Boisture: Fetzer’s mission—to help build the spiritual foundation for a loving world—is rooted in the conviction that we are intrinsically spiritual beings. In this case, we sought to deepen our understanding of spirituality and how—if cultivated and engaged—it can animate concrete and positive change. Early on we brought in a group of scholars and practitioners to advise us for this project and with them, we concluded that this study would be an opportunity to build on current research by exploring the open question of what lies behind traditional measures of spirituality and exploring how and why spirituality matters in the U.S. today. What surfaced as the most significant finding is that most Americans consider themselves spiritual regardless of religious affiliation. Seven-in-10 survey respondents say that spirituality is important in their lives, with the majority of people considering themselves both spiritual and religious. In addition, people who identify themselves as “highly spiritual” are more likely to say that it is important to make a difference in their communities and contribute to greater good in the world.
Fetzer shared that they uncovered illuminating examples of rich and diverse spiritual lives and that we share more in common than we may have realized. The data makes clear that spirituality is important for most Americans and is an essential part of their lives:
More than eight out of 10 people consider themselves spiritual to some extent.
Six in 10 people aspire to be more spiritual—and the more spiritual or religious people see themselves, the more likely they aspire to be even more spiritual.
Nearly half of people say they have become more spiritual over the course of their lives.
Most engage in at least one spiritual or religious activity every week.
Fetzer intentionally designed the study to map the bridge between personal spirituality and care for community precisely so that they would learn more about the connection between the two. What they learned: People who feel highly connected to a higher power or to humanity at large are more likely to take community, civic and political action. Further, the more people identify as spiritual or religious, the more likely they are to:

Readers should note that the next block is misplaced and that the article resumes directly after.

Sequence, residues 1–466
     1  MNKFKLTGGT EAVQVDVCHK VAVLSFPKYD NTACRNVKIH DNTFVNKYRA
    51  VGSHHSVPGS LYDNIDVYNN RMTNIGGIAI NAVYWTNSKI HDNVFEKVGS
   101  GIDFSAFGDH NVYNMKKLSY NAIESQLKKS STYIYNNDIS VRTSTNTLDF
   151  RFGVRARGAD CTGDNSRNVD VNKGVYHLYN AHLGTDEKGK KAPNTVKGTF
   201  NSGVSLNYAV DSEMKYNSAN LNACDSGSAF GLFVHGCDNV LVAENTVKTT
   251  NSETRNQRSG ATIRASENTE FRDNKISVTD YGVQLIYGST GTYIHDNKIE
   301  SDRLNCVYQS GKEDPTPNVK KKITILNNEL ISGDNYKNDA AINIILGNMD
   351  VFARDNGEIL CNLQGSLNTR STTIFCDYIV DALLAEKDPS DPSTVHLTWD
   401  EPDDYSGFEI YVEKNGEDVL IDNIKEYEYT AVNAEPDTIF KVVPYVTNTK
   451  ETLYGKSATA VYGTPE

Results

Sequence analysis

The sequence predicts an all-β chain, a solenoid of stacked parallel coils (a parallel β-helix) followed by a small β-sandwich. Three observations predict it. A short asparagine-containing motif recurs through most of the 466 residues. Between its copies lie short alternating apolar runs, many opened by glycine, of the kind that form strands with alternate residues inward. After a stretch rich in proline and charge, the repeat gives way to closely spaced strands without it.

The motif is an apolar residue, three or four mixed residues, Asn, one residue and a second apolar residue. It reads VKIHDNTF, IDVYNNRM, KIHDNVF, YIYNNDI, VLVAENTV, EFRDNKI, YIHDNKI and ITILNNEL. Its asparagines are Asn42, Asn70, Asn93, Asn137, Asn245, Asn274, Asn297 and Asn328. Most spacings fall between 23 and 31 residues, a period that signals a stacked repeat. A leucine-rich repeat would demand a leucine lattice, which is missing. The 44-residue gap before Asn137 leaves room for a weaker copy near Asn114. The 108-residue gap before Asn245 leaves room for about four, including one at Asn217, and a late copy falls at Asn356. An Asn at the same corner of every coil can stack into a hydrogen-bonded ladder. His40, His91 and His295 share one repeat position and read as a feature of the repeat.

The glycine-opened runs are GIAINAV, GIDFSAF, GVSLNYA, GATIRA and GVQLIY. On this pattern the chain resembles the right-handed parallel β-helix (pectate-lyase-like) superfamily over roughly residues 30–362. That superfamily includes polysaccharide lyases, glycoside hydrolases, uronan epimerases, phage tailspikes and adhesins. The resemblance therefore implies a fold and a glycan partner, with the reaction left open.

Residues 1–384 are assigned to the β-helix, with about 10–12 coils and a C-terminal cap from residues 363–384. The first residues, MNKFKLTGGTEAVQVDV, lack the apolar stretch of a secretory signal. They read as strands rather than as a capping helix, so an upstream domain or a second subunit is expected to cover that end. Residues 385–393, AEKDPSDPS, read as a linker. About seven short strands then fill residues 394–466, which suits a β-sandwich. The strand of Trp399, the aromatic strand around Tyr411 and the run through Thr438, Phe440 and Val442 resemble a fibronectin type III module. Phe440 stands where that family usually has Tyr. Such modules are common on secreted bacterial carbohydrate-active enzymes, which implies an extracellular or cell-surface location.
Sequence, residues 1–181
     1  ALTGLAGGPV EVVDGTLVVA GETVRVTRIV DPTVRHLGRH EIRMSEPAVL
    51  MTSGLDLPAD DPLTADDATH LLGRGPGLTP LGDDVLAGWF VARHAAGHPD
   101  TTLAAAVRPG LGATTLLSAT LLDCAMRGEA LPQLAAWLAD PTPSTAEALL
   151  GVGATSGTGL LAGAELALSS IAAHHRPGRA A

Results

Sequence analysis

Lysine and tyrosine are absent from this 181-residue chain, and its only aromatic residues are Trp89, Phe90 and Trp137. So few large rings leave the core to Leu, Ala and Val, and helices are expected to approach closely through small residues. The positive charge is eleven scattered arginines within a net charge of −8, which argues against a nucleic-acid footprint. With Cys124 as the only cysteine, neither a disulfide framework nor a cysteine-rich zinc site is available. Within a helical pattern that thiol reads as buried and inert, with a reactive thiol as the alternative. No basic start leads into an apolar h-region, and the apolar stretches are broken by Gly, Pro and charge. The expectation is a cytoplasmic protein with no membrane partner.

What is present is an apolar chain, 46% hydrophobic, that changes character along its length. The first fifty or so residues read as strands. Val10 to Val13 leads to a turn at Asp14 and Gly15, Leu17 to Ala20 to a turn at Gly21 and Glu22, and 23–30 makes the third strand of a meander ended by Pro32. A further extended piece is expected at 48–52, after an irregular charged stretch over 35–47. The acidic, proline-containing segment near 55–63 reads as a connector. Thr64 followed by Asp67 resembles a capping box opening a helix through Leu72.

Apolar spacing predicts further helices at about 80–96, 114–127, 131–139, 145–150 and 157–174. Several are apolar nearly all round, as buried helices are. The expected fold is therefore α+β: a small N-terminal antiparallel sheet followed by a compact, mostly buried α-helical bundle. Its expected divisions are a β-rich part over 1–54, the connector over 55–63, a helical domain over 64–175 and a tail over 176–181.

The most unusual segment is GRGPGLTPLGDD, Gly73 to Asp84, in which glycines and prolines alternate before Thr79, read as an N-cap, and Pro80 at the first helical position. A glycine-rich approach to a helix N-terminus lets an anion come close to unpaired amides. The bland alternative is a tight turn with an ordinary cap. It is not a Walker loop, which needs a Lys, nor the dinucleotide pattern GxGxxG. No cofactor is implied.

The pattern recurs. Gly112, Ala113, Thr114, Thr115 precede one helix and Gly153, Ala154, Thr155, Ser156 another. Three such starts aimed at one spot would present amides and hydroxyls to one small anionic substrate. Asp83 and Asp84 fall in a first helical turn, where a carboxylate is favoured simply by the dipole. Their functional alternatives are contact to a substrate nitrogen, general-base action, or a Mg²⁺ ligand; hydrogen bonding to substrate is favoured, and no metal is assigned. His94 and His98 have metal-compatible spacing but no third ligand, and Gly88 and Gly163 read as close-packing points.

Believe it’s important to “make a difference” in their communities and “contribute to greater good” in the world.
Engage with others in their communities and to take actions such as volunteering and donating.
Vote, share their voice on political and social issues and get involved in politics and social movements.
What has resonated with you and others from the key findings?
Gonda: We are heartened by the headlines in the coverage of the study—that there is a correlation between those who identify as spiritual and high levels of civic engagement. Many are interested in how this applies to our current situation—our divisive political climate, racial inequities, and ongoing challenges we face with the pandemic. How can spirituality inspire people to become more involved? To feel more connected to one another when it feels like we are pulling apart? The study also shows that there are a variety of practices people associate with their spiritual life and that the number one benefit is peace. It is an important reminder during these difficult times that we have spiritual wells to draw from.
What would you want philanthropy to know?
Gonda: These findings help give a more nuanced understanding of the spiritual lives of people in the U.S. today. It offers language and indications for how we relate to spirituality and it suggests that increased awareness of one’s inner life as it impacts outer action may give rise to lasting change. We hope professionals in philanthropy review the findings for themselves and consider how this nuanced understanding of spirituality and the role it plays impacts the change work they are implementing.
We also recognize that there is much more to learn from the research, so we are supporting additional scholarship based on the focus group and interview transcripts and survey data. One project will be conducted by the Lilly Family School of Philanthropy. The researchers will be using data from the spirituality study to focus on the potential impact of spirituality on philanthropy, compare the impact of spirituality on philanthropy versus other types of civic engagement and compare patterns of spirituality and spiritual practice. Findings will be shared next year.
Read the full report.